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I have an array full of patterns that I need matched. Any way to do that, other than a for() loop? Im trying to do it in the least CPU intensive way, since I will be doing dozens of these every minute.

Real world example is, Im building a link status checker, which will check links to various online video sites, to ensure that the videos are still live. Each domain has several "dead keywords", if these are found in the html of a page, that means the file was deleted. These are stored in the array. I need to match the contents pf the array, against the html output of the page.

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6 Answers 6

up vote 10 down vote accepted

First of all, if you literally are only doing dozens every minute, then I wouldn't worry terribly about the performance in this case. These matches are pretty quick, and I don't think you're going to have a performance problem by iterating through your patterns array and calling preg_match separately like this:

$matches = false;
foreach ($pattern in $pattern_array)
{
  if (preg_match($pattern, $page))
  {
    $matches = true;
  } 
}

You can indeed combine all the patterns into one using the or operator like some people are suggesting, but don't just slap them together with a |. This will break badly if any of your patterns contain the or operator.

I would recommend at least grouping your patterns using parenthesis like:

foreach ($pattern in $patterns)
{
  $grouped_patterns[] = "(" . $pattern . ")";
}
$master_pattern = implode($grouped_patterns, "|");

But... I'm not really sure if this ends up being faster. Something has to loop through them, whether it's the preg_match or PHP. If I had to guess I'd guess that individual matches would be close to as fast and easier to read and maintain.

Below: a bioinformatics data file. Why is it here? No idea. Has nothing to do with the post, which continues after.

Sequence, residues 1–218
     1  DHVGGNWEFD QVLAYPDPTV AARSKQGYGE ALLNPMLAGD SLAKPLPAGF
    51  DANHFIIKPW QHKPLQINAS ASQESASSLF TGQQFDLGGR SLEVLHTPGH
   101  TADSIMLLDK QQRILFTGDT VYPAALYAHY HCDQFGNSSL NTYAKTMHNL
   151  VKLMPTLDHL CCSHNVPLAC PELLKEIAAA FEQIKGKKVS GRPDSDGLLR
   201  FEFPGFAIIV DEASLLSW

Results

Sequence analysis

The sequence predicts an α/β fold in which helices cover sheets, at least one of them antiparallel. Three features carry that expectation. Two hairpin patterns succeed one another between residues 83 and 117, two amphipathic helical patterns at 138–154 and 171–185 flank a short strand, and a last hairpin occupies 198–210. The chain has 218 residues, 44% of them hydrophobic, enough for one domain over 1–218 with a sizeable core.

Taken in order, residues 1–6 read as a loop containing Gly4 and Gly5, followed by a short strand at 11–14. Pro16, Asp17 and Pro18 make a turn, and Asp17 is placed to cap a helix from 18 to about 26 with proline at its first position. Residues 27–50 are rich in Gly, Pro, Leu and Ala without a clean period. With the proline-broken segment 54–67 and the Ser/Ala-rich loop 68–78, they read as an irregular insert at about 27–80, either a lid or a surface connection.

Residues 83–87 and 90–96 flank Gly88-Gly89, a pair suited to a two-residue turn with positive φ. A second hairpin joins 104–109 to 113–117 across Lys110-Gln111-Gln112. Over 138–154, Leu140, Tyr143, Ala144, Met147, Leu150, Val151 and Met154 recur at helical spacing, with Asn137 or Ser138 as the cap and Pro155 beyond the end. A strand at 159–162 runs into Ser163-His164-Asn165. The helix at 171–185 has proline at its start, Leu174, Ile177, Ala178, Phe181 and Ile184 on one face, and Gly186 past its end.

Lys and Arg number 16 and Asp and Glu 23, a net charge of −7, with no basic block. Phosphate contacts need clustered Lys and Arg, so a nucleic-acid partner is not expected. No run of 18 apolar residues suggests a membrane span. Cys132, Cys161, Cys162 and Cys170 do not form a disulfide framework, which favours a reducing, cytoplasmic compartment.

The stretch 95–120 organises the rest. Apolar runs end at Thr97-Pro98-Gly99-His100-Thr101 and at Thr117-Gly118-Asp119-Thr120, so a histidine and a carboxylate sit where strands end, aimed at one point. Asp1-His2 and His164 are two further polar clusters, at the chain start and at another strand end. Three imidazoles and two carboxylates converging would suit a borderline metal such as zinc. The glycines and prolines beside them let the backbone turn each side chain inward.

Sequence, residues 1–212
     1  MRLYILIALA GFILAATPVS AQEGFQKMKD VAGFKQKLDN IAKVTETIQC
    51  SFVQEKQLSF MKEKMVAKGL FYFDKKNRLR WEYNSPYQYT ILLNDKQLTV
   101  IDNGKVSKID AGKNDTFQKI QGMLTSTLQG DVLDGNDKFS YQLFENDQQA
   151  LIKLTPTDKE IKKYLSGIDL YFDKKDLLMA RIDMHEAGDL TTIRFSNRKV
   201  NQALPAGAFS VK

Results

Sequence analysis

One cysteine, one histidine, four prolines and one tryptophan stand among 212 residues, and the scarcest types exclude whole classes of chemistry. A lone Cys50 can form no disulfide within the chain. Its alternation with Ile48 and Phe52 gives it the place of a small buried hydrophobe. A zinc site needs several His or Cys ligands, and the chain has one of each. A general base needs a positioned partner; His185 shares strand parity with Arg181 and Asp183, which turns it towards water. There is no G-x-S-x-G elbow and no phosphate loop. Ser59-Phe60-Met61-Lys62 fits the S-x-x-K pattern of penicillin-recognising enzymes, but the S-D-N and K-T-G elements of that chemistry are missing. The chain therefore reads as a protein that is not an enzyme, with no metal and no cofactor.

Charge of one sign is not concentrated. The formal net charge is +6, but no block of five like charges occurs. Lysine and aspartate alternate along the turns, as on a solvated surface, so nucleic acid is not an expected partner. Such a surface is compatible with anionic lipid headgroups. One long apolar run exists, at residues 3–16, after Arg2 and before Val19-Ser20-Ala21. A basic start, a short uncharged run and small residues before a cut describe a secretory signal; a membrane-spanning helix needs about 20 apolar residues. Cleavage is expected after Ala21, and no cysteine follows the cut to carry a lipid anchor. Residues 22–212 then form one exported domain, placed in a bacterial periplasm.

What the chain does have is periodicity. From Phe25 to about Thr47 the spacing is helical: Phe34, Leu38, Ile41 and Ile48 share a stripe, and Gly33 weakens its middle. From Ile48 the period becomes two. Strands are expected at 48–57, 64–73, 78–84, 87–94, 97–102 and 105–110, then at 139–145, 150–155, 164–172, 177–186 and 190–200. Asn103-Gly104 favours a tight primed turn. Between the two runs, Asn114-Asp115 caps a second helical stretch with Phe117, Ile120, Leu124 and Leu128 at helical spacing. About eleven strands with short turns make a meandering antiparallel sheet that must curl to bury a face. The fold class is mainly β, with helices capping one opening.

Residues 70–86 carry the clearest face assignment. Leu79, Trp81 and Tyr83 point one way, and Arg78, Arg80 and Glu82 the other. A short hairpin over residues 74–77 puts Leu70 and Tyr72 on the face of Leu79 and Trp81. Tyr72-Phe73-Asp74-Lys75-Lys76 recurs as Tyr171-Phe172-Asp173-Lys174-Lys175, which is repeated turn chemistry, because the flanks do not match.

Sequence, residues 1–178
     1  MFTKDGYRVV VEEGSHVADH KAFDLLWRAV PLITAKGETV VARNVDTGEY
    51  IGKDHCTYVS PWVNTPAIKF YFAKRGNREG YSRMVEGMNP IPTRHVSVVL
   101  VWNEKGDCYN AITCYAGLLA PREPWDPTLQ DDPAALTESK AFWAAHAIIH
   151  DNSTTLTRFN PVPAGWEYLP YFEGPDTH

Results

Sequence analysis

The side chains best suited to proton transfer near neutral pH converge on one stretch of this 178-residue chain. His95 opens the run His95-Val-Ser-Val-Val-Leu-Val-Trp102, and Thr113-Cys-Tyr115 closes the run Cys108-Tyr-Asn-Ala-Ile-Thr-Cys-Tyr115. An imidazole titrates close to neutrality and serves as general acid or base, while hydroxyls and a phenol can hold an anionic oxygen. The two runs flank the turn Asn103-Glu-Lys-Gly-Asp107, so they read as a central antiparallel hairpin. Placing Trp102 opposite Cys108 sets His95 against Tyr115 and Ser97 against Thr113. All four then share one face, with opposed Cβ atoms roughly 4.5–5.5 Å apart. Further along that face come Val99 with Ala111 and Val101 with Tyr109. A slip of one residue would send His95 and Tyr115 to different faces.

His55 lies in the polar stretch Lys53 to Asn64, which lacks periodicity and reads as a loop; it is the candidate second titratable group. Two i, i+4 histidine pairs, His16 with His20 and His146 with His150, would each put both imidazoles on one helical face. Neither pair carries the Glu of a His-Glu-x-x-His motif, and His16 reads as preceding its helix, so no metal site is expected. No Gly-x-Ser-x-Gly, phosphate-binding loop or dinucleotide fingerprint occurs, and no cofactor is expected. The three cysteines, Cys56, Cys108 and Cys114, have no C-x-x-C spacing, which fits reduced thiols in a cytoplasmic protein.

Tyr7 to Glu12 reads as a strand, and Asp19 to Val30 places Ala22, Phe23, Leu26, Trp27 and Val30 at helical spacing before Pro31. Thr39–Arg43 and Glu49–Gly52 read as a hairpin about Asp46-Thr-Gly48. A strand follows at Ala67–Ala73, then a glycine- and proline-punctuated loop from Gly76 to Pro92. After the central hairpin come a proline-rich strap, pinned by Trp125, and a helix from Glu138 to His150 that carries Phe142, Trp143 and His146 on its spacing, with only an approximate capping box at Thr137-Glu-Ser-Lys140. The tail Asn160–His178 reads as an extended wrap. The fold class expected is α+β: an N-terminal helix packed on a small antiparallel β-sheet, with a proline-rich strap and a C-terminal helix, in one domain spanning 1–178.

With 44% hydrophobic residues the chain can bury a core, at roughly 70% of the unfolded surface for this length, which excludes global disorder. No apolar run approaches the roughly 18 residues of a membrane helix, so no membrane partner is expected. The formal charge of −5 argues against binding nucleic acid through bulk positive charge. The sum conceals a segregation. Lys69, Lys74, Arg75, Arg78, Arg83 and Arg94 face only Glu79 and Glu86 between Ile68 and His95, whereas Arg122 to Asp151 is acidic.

Lastly, if performance is what you're looking for here, I think the most important thing to do is pull out the non regex matches into a simple "string contains" check. I would imagine that some of your checks must be simple string checks like looking to see if "This Site is Closed" is on the page.

So doing this:

foreach ($string_to_match in $strings_to_match)
{
  if (strpos($page, $string_to_match) !== false))
  {
    // etc.
  }
}
foreach ($pattern in $pattern_array)
{
  if (preg_match($pattern, $page))
  {
    // etc.
  } 
}

and avoiding as many preg_match() as possible is probably going to be your best gain. strpos() is a lot faster than preg_match().

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For the sake of the Googler, do consider using break (php.net/manual/en/control-structures.break.php) to break out of the foreach loop once you've found a match! –  Erwin Wessels Feb 1 '13 at 7:51
1  
I believe this should be: foreach ($pattern_array as $pattern) , at least in my version of PHP –  hellomynameisjoel Jan 19 at 9:29
// assuming you have something like this
$patterns = array('a','b','\w');

// converts the array into a regex friendly or list
$patterns_flattened = implode('|', $patterns);

if ( preg_match('/'. $patterns_flattened .'/', $string, $matches) )
{
}

// PS: that's off the top of my head, I didn't check it in a code editor
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If you're merely searching for the presence of a string in another string, use strpos as it is faster.

Otherwise, you could just iterate over the array of patterns, calling preg_match each time.

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What about doing a str_replace() on the HTML you get using your array and then checking if the original HTML is equal to the original? This would be very fast:

 $sites = array(
      'you_tube' => array('dead', 'moved'),
      ...
 );
 foreach ($sites as $site => $deadArray) {
     // get $html
     if ($html == str_replace($deadArray, '', $html)) { 
         // video is live
     }
 }
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If your patterns don't contain many whitespaces, another option would be to eschew the arrays and use the /x modifier. Now your list of regular expressions would look like this:

$regex = "/
pattern1|   # search for occurences of 'pattern1'
pa..ern2|   # wildcard search for occurences of 'pa..ern2'
pat[ ]tern| # search for 'pat tern', whitespace is escaped
mypat       # Note that the last pattern does NOT have a pipe char
/x";

With the /x modifier, whitespace is completely ignored, except when in a character class or preceded by a backslash. Comments like above are also allowed.

This would avoid the looping through the array.

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If you have a bunch of patterns, what you can do is concatenate them in a single regular expression and match that. No need for a loop.

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